COVID-19 news is dominated by numbers. Number of active cases, number of total cases, number of deaths.
So you’d think that the University would want to communicate these vital statistics to us.
The University spent so much money on their URCommitment social media campaign, and generally did a great job bombarding our campus with visual reminders to stand here in Starbucks, sit here in iZone, social distance when walking through Hillside Market.
But they really dropped the ball with the biggest incentive to adhere to COVID-19 rules: the numbers. As students who risked catching COVID-19 to attend school in person this year, the last thing we want is for cases to climb, especially because New York Governor Andrew Cuomo requires that schools with 100 cases switch to remote learning for at least two weeks. The biggest weapon at UR’s disposal right now is accurately and loudly reporting cases to the student body.
But the “Confirmed Cases” webpage, currently being used to track positive cases, is an eyesore at best and incomprehensible at worst.
It’s unnecessarily difficult to figure out how many positive cases we’ve actually had. For example, the webpage simultaneously reports five new cases since Aug. 1 and three new cases since Sept. 26, without clarifying whether that adds up to eight cases total. Where does one time frame begin and end?
A much clearer and neater way to convey these new cases would be through a visual timeline, rather than hastily thrown together bullet points. How can we flatten the curve if no curve is displayed?
The University’s “Confirmed Cases” page links to a database from New York State about the University’s cases specifically. That database provides some new information, but is also confusing.
It does clarify how many students are quarantining, what the remaining quarantine capacity is, whether they’re quarantining on or off campus, and how many tests are done in a certain day. But those numbers seem to lag behind the data on the University’s dashboard, and while the graph of testing claims to highlight positive tests in yellow, it doesn’t actually seem to highlight them.
While we understand the need to protect patient privacy, the information provided about any given positive case is incomplete. When a new case is reported, it’s impossible for students to know whether that person had been living on or off-campus, or whether they’re a River Campus or Eastman School of Music student. The University just won’t tell us.
For a renowned research university with a robust school of Engineering and applied sciences, we assumed they’d be better at data presentation. We should not have to read between the lines to know how safe our University is.
It’s really not that hard for UR to communicate this info in a clear, straightforward manner. For example, don’t bury the number of new cases among other, unrelated information, like the Oct. 1 @Rochester email did.
We want the number of new cases (as well as the number of active cases and total cases) at the damn top. For that matter, these statistics should also be in the subject line or the email preview, since many students just ignore the @Rochester emails popping into their inbox every day.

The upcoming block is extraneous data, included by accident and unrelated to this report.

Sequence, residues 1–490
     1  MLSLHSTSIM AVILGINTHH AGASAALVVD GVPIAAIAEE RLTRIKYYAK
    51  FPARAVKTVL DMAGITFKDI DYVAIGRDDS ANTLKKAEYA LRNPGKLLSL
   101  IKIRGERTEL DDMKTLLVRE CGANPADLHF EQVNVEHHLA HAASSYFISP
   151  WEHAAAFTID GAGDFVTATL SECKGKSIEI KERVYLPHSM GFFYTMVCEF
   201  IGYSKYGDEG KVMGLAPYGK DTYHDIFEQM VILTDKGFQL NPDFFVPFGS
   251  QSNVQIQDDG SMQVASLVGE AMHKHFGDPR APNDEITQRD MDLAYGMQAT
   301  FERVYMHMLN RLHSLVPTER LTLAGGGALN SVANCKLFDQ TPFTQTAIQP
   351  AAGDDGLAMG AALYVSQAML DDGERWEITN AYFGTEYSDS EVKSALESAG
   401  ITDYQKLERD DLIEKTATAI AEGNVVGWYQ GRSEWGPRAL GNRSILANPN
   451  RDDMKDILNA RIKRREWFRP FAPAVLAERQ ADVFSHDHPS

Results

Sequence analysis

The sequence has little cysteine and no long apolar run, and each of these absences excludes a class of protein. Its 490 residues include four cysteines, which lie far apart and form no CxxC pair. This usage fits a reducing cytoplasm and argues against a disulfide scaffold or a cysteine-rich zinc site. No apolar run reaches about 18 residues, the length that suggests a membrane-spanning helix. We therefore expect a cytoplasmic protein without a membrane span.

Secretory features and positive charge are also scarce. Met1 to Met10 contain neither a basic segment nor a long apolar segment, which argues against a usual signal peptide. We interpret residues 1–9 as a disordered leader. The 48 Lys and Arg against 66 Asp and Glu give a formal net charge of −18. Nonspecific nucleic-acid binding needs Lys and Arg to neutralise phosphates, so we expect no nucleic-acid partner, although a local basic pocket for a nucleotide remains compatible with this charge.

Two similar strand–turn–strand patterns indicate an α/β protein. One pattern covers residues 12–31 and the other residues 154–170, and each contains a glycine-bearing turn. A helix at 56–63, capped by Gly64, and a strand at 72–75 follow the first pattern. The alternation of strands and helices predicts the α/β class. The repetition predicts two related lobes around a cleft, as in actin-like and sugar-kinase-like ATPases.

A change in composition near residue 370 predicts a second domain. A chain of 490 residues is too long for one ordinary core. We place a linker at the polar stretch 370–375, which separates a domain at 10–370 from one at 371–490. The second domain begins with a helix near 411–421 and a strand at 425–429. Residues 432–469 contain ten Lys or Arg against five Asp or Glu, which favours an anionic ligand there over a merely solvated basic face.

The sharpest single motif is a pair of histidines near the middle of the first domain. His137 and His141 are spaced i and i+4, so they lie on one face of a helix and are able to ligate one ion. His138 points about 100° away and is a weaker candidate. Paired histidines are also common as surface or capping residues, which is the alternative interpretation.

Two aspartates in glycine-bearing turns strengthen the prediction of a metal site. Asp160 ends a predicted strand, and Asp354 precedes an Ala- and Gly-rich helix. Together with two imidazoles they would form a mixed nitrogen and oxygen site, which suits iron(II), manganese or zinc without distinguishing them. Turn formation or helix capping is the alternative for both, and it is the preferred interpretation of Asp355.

It’s ridiculous that the Oct. 1 email preview doesn’t mention that there’s a new positive COVID-19 case. Instead, it reads: “COVID-19 and the common cold; academic journal focuses on curbing violence against women in India; student resume workshop.”
We’re sure the University would rather advertise their faculty’s research accomplishments, student initiatives, and other things that make UR look good, but don’t you think it’s more important to emphasize that a student has tested positive, even if that makes us look bad?
Here’s a suggestion: have the header of every @Rochester email include a COVID-19 case tracker, listing the number of new cases in the last 24 hours, as well as the total number of cases since Aug. 1. Or make it an eye-catching graphic if you want the headlines to highlight faculty. Just put something in there to let students know how much risk is floating around on campus.
The editorial board spends a lot of time complaining about the University’s mishandling of student issues, and for the most part, that’s warranted. But we hope never to undermine the role that students must play. Even if the University’s system for reporting COVID-19 cases was perfect and completely intuitive, caution would still be imperative.
Even if every on-campus student regularly and honestly filled out their Dr. Chatbot, some cases would be bound to slip through the cracks. Some of us might be asymptomatic carriers, or have symptoms but not recognize them for what they are. There’s no way to know for sure how many cases we actually have.
So fulfill your responsibility, especially because the University isn’t fulfilling theirs. Those blue and yellow circles on the ground at Starbucks and the Campus Mail Center aren’t suggestions. Respect people’s personal space, especially while standing indoors and breathing the same air as they are for upwards of 10 minutes.
Keep up-to-date with what’s going on.
And keep asking the University for answers.
The Editorial Board is a weekly Opinions article representing the view of the Campus Times, co-written by Editor-in-Chief Hailie Higgins, Publisher An Nguyen, Managing Editor Corey Miller-Williams, Features Editor Micah Greenberg, and Opinions Editor Lucy Farnham.